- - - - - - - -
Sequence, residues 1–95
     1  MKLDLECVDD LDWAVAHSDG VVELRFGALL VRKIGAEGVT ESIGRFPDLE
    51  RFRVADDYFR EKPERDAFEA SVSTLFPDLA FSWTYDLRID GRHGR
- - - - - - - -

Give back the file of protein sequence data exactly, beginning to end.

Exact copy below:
Sequence, residues 1–95
     1  MKLDLECVDD LDWAVAHSDG VVELRFGALL VRKIGAEGVT ESIGRFPDLE
    51  RFRVADDYFR EKPERDAFEA SVSTLFPDLA FSWTYDLRID GRHGR